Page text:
Yet, when it comes to protecting migrants’ well-being and rights, smart practices abound – and should be promoted more widely and implemented more frequently. With the number of international migrants on track nearly to double in the coming decades, such practices must become reference points for action.
The plight of migrants is particularly tragic when its source is violent conflict, like in Syria and Libya, or natural or manmade disasters. In crises like these, migrants’ lives and physical safety are jeopardized through no fault of their own. Yet the world has no clear guidelines for how to protect them.
Libya’s civil war placed the vulnerability of migrants in stark relief, with hundreds of thousands caught in the crossfire. And, while Libyans were badly affected by the war, foreign workers were even more vulnerable, as they were largely left out of schemes aimed at protecting civilians. What stood out were the very different fates migrants faced. Most were left to their own devices to escape the violence, and many died trying. Some were killed after being falsely targeted as mercenaries (largely owing to the color of their skin).
Other groups, however, fared better. High-skilled migrants employed by Western oil companies, for example, were airlifted to safety. Nationals from countries with robust protection protocols, and sufficient financial resources, were efficiently evacuated (the Philippines was exemplary in this regard).
Libya was thus a vivid reminder of the serious gaps that exist in helping migrants in life-threatening situations. Their vulnerability is heightened due to their legal status and other obstacles – restrictions on exercising their fundamental rights, language barriers, constraints on their movement, and limited social capital and networks.
The International Organization for Migration (IOM) and the UNHCR, the United Nations’ refugee agency, were heroic in going above and beyond their mandates to protect migrants at risk in Libya, as were many NGOs. The World Bank also acted quickly to provide funds to evacuate Bangladeshi nationals.
But international organizations alone cannot solve the problem. Before the next crisis erupts, we need to clarify the critical roles that all key actors – including countries of origin and destination, neighboring states, businesses, and civil society – should play.
Last year, I began urging states and others to define a framework for action on helping migrants caught in crisis situations. It would include a set of principles, such as this fundamental one: During a crisis, emergency assistance should be afforded to citizens and migrants alike, without discrimination.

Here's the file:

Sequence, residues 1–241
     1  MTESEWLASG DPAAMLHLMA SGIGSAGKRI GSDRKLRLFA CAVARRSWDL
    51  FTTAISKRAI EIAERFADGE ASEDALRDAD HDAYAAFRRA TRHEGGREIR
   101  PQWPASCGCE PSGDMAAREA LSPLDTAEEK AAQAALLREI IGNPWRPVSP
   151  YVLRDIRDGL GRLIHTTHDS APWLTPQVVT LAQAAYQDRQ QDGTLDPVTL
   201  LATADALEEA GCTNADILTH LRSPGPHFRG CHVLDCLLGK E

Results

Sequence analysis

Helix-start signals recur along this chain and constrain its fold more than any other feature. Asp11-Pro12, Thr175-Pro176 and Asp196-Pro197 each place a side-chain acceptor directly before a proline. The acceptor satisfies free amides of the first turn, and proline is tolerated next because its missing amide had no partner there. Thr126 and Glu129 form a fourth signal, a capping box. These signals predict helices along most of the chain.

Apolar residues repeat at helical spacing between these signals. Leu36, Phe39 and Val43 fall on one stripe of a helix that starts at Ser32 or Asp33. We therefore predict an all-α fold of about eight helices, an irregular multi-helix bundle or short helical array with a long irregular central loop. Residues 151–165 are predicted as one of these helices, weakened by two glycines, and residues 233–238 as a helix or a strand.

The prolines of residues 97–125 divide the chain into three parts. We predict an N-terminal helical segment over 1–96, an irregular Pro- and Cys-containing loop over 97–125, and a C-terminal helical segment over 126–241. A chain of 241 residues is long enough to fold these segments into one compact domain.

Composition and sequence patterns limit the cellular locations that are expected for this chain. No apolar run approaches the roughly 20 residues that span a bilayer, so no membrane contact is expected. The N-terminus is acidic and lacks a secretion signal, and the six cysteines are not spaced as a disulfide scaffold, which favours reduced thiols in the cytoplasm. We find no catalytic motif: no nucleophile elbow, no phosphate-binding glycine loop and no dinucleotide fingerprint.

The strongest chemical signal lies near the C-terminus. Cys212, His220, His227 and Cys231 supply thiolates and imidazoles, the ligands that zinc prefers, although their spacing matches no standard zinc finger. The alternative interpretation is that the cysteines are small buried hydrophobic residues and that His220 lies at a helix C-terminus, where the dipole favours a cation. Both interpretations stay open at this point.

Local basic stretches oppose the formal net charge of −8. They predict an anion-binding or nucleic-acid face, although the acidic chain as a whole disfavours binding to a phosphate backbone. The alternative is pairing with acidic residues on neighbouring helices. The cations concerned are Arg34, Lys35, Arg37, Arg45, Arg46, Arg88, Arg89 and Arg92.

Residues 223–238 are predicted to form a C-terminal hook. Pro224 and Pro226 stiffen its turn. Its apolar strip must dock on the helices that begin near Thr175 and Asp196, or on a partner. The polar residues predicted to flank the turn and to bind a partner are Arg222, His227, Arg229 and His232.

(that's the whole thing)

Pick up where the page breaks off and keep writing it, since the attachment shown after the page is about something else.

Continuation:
I am grateful to the United States and the Philippines – working closely with the IOM, the UNHCR, and civil-society groups – for offering to help lead an initiative to address the situation of migrants caught in acute crises. Georgetown University and the MacArthur Foundation also are playing indispensable roles. Already, some countries have identified measures that stakeholders can take before, during, and after crises in order to keep migrants out of harm’s way. Countries that are especially experienced in protecting their workers abroad offer a blueprint for action.
An early warning system in the Philippines, for instance, mobilizes government agencies to react quickly to crises, while a special fund pays for emergency evacuations. The government also provides compulsory pre-departure and post-arrival orientation, so that migrants know what to do in an emergency. Registration systems, such as Mexico’s matricula consular, help to ensure that countries know the location of their migrants – including those who are undocumented – in a crisis.
Destination countries have equally profound responsibilities in crises. Evacuation from danger zones and humanitarian aid should be provided regardless of legal status – as the United States did last year in the wake of Hurricane Sandy. Likewise, after the earthquake and tsunami in 2011, Japanese authorities broadcast information in 17 languages, assuring migrants that they could seek emergency services. Migrants also typically need emergency travel documents after a crisis, as well as legal assistance to help them recover lost assets.
Neighboring countries have a vital role to play, too – for example, by keeping borders open so that migrants do not become trapped, as Egypt and Tunisia so generously demonstrated during the Libya crisis. Employers, meanwhile, are linchpins during a crisis. They should be obliged to repatriate foreign workers, as required in the standard migrant employment contract used by the Philippines. They also should have evacuation plans for employees at all levels, not just executives.
It should be self-evident that we need to help all migrants in distress – not only those affected by conflicts and disasters, but also those abandoned by smugglers, countless more left in limbo for years in transit countries, and the millions working in slave-like conditions. The principles and plans that we put in place to protect migrants in life-threatening situations eventually could – and should – be expanded in order to protect a much broader array of vulnerable migrants.
We need not be overwhelmed by the dizzying array of problems plaguing migrants. With small groups of states, experts, international organizations, and civil society working together to trail-blaze solutions that might become global practices (a model that could be applied to other international problems), we can address the challenges facing migrants one by one and with the necessary resolve.
Peter Sutherland, Chairman of Goldman Sachs International and the London School of Economics, is UN Special Representative for International Migration and Development.
Copyright: Project Syndicate, 2013.